GBTA Forecast: Expect Higher Hotel, Flight Prices in 2019

A new forecast from the Global Business Travel Association and Carlson Wagonlit Travel finds that a buoyant economy is likely to lead to increased prices in 2019 both globally and in North America, though the political climate could prove a wild card.

The strength of the global economy could mean it might be a little harder to get a deal on your business travel going into 2019.

A recent forecast from the Global Business Travel Association (GBTA) and Carlson Wagonlit Travel finds the two firms projecting global increases in the cost of air travel, hotel rooms, and even car rentals next year.

“Prices are expected to spike in many global markets even as inflation remains subdued,” CWT President and CEO Kurt Ekert said in a news release.

The report notes that globally, the economy is expected to grow by 3.4 percent in 2019, matching the growth rate for 2018, with some regions seeing more growth than others. With growth being driven by Asia, Europe, and North America, the report anticipates hotel prices going up by 3.7 percent and flights increasing by 2.6 percent in 2019.

In North America, the report projects airfare price increases of 1.8 percent, hotel price increases of 2.1 percent, and ground transportation increases of 0.6 percent. GBTA Executive Director and COO Michael W. McCormick warns, however, that the current global political market could create hiccups in the coming year.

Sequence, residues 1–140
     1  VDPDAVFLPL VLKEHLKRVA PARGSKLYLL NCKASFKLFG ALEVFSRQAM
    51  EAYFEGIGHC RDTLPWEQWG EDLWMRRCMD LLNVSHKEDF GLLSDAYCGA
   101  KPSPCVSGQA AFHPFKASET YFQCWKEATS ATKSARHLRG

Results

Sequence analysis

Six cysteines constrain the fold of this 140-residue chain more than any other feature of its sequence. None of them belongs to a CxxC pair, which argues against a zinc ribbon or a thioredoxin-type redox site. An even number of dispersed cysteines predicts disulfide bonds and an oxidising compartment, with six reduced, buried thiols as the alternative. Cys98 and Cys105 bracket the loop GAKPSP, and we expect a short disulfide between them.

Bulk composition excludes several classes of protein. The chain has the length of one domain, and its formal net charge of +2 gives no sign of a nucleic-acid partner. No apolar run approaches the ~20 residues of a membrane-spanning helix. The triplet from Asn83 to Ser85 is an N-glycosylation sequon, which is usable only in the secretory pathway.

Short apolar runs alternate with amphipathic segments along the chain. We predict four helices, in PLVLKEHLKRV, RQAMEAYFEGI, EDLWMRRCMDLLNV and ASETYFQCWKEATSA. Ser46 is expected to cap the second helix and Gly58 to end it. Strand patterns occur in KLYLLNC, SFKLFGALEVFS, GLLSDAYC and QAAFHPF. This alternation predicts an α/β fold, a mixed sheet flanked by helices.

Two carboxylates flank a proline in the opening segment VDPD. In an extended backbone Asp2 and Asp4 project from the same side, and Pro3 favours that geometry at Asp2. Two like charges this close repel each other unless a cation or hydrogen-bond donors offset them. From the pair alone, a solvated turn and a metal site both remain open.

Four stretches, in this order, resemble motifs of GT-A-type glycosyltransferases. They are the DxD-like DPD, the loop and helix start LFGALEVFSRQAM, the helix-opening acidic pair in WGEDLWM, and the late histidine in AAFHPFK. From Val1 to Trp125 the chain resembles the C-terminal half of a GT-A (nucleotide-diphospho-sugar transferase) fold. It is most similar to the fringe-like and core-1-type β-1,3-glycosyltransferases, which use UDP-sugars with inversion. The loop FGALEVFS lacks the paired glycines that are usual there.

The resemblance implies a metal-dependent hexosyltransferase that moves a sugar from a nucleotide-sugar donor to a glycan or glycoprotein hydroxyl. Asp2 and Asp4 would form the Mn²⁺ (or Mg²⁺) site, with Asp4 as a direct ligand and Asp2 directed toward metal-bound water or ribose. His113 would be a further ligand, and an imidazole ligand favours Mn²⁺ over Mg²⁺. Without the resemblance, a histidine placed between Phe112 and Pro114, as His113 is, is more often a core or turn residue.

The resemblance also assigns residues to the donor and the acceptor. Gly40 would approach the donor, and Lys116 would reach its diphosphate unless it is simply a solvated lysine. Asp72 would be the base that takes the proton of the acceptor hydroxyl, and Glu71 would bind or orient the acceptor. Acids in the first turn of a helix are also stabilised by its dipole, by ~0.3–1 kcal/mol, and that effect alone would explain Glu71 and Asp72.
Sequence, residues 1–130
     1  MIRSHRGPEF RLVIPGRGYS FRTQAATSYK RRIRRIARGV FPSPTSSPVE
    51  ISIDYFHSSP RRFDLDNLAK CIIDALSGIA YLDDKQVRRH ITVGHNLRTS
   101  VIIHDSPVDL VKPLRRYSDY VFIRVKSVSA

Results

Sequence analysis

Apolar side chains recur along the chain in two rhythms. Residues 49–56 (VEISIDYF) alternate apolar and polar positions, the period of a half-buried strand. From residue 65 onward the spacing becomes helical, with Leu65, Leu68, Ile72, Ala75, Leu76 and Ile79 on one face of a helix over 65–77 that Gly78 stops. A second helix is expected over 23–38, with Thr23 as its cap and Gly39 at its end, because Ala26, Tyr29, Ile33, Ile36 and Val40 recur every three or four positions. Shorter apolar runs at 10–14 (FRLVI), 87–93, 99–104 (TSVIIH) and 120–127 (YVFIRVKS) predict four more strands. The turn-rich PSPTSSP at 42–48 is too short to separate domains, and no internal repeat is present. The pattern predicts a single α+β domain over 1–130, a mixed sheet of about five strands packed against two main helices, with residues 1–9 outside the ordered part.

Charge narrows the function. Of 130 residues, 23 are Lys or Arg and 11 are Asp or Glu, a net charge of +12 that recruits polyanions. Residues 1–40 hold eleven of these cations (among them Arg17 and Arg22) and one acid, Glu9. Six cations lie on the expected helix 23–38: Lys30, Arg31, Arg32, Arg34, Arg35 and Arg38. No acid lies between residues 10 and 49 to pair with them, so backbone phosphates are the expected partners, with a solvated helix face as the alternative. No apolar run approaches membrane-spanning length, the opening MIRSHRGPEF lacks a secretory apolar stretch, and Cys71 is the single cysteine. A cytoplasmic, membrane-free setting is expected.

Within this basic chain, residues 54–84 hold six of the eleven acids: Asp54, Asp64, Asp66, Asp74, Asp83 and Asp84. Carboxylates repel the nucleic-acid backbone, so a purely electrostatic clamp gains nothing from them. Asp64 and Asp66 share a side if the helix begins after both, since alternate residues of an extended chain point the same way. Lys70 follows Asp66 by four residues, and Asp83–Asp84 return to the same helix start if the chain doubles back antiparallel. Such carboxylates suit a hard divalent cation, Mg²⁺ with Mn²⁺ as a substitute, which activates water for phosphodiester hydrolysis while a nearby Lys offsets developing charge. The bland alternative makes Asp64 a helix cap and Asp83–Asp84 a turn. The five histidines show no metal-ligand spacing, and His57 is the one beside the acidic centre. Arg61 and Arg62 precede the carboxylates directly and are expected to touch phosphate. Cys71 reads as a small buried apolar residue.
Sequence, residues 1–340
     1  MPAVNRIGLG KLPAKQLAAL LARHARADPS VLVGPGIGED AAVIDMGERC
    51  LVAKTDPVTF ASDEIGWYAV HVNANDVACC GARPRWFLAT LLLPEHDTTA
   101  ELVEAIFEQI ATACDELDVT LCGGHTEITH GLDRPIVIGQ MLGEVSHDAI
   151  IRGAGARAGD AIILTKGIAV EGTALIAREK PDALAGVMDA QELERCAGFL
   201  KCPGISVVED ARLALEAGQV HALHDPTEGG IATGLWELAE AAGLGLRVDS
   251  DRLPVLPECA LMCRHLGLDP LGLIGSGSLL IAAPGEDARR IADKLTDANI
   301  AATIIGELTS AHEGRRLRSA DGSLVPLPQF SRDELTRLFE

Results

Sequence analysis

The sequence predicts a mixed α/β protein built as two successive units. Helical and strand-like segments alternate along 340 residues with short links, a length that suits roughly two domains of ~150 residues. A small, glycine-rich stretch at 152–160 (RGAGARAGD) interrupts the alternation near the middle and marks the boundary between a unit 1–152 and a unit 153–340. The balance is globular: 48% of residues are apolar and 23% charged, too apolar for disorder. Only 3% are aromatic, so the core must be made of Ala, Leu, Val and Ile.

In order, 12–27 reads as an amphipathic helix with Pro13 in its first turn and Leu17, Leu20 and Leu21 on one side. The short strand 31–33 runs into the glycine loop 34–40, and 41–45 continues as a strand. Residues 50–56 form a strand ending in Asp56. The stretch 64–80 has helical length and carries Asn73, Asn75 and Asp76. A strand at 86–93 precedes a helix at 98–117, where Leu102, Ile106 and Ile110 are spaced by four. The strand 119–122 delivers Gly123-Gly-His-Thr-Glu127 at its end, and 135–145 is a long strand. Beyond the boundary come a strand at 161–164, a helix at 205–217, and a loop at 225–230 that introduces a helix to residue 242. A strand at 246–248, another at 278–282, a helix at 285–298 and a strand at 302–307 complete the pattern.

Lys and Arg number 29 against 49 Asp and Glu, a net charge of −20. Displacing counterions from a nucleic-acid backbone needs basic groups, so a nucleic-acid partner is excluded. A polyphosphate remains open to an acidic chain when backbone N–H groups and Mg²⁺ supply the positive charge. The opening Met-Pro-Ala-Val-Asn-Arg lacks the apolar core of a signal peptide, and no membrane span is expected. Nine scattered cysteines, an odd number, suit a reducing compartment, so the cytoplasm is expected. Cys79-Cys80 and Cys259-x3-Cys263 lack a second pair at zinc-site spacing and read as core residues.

“While most major markets appear to be trending in the right direction, downside risks remain for the global economy given the rise of protectionist policies, the risk of stoking trade wars and Brexit uncertainty,” McCormick stated in the release.

Among the factors that could change the dynamic of air travel in 2019, according to the forecast:  increasing oil prices, a shortage of pilots, a potential trade war, and the return of ultra-long-haul flights of 17 hours or longer. The report also gives a nod to International Air Transport Association’s New Distribution Capability program, which is leading to significant advancements in booking technology.

In addition, the report notes that the changes in air travel will have an impact on the hotel industry, by increasing the number of travelers flying to different locations. The other major factor driving the hotel industry, however, is mobile technology.

“All sectors of the travel industry are now investing heavily in mobile-friendly websites or apps to cater to their guests’ needs and requirements,” the report states.

The report’s projections are based on transaction data from CWT and historical statistical projections from GBTA, among other sources.

(NicoElNino/iStock/Getty Images Plus)

Ernie Smith

By Ernie Smith

Ernie Smith is a former senior editor for Associations Now. MORE

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